Low energy, always tired
Poor concentration and difficulty making decisions
These symptoms interfere with social or vocational function
Do you have excessive or unrealistic anxiety and worry about a number of events or actives? Has it been noticeable on most days for at least six months?
Is it difficult to control or “turn off” the worry?
On most days in the past six months have you felt:
Restless, keyed up, or on edge
Difficulty concentrating or mind going blank
Difficulty falling or staying asleep
Does the worry or anxiety cause significant distress (i.e., it bothers you that you worry too much) or significant interference with your day-to-day life? For example, the worry may make it difficult for you to perform important tasks at work. Interfere with relationships or get in the way of sleep.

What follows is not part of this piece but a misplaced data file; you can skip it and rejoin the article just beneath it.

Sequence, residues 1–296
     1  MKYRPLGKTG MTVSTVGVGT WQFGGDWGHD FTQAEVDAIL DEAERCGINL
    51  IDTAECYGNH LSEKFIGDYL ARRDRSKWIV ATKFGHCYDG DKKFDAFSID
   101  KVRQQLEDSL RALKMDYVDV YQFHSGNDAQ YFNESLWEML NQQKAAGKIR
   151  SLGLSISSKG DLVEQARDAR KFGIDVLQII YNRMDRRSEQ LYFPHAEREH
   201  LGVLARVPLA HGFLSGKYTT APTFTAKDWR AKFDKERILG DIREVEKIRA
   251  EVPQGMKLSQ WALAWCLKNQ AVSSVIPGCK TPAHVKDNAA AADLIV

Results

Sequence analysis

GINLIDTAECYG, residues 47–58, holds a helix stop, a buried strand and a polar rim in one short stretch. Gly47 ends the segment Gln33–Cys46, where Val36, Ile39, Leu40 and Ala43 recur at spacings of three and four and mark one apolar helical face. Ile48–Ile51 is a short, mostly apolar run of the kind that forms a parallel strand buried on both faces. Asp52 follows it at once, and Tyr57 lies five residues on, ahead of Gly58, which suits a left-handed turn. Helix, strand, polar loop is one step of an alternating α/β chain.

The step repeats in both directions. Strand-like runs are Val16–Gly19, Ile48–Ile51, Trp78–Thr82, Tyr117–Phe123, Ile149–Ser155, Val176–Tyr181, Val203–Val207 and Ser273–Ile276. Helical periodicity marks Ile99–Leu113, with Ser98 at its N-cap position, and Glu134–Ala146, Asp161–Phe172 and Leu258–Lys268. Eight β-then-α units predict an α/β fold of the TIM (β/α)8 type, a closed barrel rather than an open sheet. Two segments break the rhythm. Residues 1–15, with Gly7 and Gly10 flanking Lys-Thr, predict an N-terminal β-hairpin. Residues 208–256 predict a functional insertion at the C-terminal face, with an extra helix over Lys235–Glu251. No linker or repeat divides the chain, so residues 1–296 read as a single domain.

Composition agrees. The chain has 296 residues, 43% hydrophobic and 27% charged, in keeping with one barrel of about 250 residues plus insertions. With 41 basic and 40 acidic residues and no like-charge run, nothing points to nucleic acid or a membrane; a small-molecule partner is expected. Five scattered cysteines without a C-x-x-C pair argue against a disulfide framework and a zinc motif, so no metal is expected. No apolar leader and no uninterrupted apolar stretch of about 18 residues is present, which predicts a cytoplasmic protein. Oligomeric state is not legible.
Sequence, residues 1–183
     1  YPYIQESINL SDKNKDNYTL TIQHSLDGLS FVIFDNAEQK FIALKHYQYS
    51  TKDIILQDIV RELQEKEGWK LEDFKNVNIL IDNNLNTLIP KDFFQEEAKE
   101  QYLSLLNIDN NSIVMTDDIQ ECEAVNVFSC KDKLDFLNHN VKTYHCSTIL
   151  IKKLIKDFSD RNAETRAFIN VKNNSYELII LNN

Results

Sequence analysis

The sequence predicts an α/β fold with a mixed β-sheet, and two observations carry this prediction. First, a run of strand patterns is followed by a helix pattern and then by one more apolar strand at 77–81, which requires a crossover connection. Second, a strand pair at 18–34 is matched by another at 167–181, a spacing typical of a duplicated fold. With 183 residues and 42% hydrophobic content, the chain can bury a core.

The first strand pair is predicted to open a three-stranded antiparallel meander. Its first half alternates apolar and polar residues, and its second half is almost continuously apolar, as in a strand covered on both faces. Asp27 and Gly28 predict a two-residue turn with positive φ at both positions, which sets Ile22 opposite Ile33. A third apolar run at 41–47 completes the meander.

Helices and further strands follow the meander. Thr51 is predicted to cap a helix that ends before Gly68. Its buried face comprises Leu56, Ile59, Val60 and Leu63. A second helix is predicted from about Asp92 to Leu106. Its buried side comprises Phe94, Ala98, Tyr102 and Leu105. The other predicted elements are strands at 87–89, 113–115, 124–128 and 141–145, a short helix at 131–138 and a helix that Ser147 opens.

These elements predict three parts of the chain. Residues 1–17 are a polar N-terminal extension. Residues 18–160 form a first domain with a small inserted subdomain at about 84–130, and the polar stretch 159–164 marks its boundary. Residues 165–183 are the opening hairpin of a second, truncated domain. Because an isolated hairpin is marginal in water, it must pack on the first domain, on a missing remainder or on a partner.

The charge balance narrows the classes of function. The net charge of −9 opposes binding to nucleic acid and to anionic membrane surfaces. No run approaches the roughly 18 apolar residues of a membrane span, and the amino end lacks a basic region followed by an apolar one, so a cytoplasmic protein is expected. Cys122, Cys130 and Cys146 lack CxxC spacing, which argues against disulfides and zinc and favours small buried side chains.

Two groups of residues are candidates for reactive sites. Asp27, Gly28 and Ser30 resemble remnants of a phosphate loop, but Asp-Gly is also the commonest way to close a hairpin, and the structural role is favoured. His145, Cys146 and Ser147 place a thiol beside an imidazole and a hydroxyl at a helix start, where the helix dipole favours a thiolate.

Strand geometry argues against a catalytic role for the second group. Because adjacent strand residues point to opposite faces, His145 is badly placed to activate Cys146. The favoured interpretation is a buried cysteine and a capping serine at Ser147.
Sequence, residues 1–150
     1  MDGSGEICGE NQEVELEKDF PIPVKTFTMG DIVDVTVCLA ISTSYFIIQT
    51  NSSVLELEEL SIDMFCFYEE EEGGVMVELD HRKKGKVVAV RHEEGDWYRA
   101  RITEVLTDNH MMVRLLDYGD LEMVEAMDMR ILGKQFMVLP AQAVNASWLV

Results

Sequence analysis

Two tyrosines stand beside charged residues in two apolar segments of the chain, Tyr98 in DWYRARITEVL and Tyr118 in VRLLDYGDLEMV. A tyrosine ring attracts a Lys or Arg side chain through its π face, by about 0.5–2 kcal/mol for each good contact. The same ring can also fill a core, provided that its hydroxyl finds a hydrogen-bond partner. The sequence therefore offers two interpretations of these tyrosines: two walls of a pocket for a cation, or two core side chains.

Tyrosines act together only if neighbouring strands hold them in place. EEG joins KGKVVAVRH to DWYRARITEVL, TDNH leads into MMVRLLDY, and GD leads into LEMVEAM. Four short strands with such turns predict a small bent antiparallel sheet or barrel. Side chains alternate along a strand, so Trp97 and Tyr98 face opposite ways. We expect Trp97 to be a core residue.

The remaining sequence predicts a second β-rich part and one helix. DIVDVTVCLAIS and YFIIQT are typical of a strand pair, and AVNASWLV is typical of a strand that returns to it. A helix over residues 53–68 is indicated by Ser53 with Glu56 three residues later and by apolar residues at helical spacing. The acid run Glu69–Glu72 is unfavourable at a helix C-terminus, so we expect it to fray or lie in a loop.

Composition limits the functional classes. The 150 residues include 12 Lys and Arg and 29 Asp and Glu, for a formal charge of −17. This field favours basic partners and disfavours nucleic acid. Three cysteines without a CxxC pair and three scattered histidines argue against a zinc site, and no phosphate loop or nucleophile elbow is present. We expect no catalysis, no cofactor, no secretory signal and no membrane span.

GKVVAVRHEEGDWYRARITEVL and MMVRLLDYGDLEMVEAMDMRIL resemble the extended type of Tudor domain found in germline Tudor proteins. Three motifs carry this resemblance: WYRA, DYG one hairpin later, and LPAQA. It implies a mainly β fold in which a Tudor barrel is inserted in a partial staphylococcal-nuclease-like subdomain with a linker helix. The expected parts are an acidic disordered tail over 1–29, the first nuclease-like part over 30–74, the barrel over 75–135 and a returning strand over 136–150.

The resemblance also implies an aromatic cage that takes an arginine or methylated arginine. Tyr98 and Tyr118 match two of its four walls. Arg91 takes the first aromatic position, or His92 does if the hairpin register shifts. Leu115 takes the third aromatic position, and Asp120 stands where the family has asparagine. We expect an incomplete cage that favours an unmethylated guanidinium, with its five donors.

Do you experience feelings of anxiety, fear or panic immediately upon encountering a feared social situation?
Is the anxiety out of proportion to the actual threat or danger the situation poses, after taking into account all the factors of the environment and situation?
Do you tend to avoid a feared social situation, or if you can’t avoid it, do you endure the situation with intense anxiety or discomfort?
OBSESSIVE COMPULSIVE DISORDER
The person experiences recurring intrusive and persisting, disturbing thoughts that cause anxiety and distress
The thoughts are unrelated to actual events
The person tries to stop the thoughts with another thought or action
The person is aware that the thoughts are untrue and from his own mind
Repetitive meaningless behaviour (hand washing, ordering, checking) or thought rituals (praying counting repetitions) that they must do to neutralize the unwanted disturbing thoughts